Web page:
But what if you need transparency? PNG is good, but in some cases, SVG is a better alternative. The files are incredibly lightweight thanks to a much different technology. To explain it, let’s quickly define the difference between raster graphics (like JPEG and PNG) and vector graphics (like SVG).

Did you know…

Raster graphics are images made up of many coloured pixels. Every pixel impacts the file size, and doubling the resolution means the pixel count quadruples.

Vector graphics use mathematical statements which are programmed to display lines and shapes. These can scale indefinitely without increasing the size of the file, as the volume of the code remains the same.

This gives SVGs a huge advantage. They can be as small as 1KB, when PNG files are often larger than 200KB.

Those of you that follow the latest trends will be familiar with WebP, a modern file format that also allows transparency and is smaller than PNGs. It’s a viable option, but browsers with about 5% of the market share don’t fully support it just yet. We’ll update this as soon as this changes, but even though 5% seems small, it’s a major hurdle.

It’s mostly an issue because Safari doesn’t fully support WebP as of yet. There are workarounds to this, but they don’t work out of the box and would require development resources. The performance improvements might be worth it, so it’s worth considering – but it’s not an easy fix that a website manager can handle.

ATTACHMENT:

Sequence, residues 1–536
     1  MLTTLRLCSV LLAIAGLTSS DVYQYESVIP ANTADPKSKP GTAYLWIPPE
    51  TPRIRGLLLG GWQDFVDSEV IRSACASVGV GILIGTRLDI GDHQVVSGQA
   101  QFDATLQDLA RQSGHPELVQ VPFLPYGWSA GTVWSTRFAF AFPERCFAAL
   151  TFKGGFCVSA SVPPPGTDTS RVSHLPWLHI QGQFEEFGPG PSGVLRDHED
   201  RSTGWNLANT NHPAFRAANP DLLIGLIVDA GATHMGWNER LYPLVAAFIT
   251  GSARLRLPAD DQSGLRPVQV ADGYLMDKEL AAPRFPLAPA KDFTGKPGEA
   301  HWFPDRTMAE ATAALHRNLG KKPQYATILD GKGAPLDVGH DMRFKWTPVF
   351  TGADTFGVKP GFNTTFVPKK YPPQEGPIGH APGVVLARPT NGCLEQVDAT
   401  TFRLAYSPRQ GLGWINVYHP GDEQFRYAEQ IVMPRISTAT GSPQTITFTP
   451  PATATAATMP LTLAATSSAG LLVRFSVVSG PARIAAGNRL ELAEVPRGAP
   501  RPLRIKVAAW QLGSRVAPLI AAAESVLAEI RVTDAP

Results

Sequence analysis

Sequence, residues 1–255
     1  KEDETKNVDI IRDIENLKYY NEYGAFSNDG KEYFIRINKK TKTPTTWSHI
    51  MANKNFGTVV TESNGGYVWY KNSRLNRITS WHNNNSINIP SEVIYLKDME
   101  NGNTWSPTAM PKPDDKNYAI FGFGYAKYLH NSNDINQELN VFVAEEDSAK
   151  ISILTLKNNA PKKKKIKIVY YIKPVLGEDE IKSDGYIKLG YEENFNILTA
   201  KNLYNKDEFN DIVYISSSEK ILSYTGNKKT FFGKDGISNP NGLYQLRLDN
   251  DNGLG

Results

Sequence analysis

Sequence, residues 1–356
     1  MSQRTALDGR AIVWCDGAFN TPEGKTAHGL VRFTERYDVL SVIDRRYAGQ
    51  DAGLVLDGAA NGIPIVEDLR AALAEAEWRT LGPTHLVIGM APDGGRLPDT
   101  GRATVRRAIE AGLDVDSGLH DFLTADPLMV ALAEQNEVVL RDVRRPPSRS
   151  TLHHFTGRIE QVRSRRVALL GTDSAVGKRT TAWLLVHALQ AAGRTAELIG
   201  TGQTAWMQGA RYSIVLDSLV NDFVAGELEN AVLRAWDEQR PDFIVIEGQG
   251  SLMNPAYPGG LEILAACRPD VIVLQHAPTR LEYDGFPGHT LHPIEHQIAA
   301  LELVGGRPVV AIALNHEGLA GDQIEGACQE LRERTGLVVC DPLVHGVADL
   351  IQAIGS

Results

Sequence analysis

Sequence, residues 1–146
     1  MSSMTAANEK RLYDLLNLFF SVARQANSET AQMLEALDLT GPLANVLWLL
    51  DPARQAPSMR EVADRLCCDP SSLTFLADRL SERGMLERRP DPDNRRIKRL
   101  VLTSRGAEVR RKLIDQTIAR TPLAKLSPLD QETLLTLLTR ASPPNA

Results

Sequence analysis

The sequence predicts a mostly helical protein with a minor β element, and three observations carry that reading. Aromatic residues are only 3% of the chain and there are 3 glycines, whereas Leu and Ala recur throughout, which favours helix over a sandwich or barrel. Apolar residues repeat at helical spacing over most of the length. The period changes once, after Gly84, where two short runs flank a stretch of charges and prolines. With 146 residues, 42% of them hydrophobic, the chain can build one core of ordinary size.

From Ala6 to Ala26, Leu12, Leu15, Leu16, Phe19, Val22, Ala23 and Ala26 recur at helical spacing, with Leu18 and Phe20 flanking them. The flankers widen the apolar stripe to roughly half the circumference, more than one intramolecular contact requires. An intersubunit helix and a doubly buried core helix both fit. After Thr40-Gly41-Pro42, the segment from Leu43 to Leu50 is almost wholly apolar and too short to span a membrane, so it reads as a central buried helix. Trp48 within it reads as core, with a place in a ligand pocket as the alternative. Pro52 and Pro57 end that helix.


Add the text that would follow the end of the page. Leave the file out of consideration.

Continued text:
To summarise:

  1. Use JPEG for images with a background
  2. Use SVG when you need transparency and when you can use vector graphics
  3. Use PNG if the image can’t be a vector but requires transparency (i.e. cutouts of silhouettes)
  4. If you can implement a Safari workaround for WebP, use this format as the default and upload Safari-friendly formats based on points 1-3

How images affect performance

The exact numbers will vary case by case. Compressing a JPEG image by 54% without sacrificing on the quality can give upwards of 15% of improvement in loading times. You’ll find that images on websites can often be compressed by 70-80%, so the benefits would be even greater.

Other performance improvements

Scripts that slow down your website

Images are a big performance factor and their impact is often misunderstood. Similarly, scripts can slow down your website and it’s often impossible to optimise the third-party ones. So how can you improve your performance with such a big limitation? There is an incredible resource that measured how various scripts affect loading times, which might help you choose alternative providers of the integrations you’re using.

How to optimise and compress images for a website

At this stage, you will know that two factors are very important for image performance: compression and resolution. Starting with the latter, we just need to reiterate that your images should be exactly twice the size of the container. If you don’t know what the container is, you can right-click the image and choose “Inspect” in your browser and it will highlight the size. If you find that an image is 1600 by 800 pixels but the container is just 400 by 200, you should reduce the resolution to 800×400.

Compressing is much easier. As long as you can update files in your content management system, you have a handful of online tools. Optimizilla is our favourite image compressor which works with JPEG, GIF and PNG files. All uploaded data is also removed after an hour, so your privacy is protected.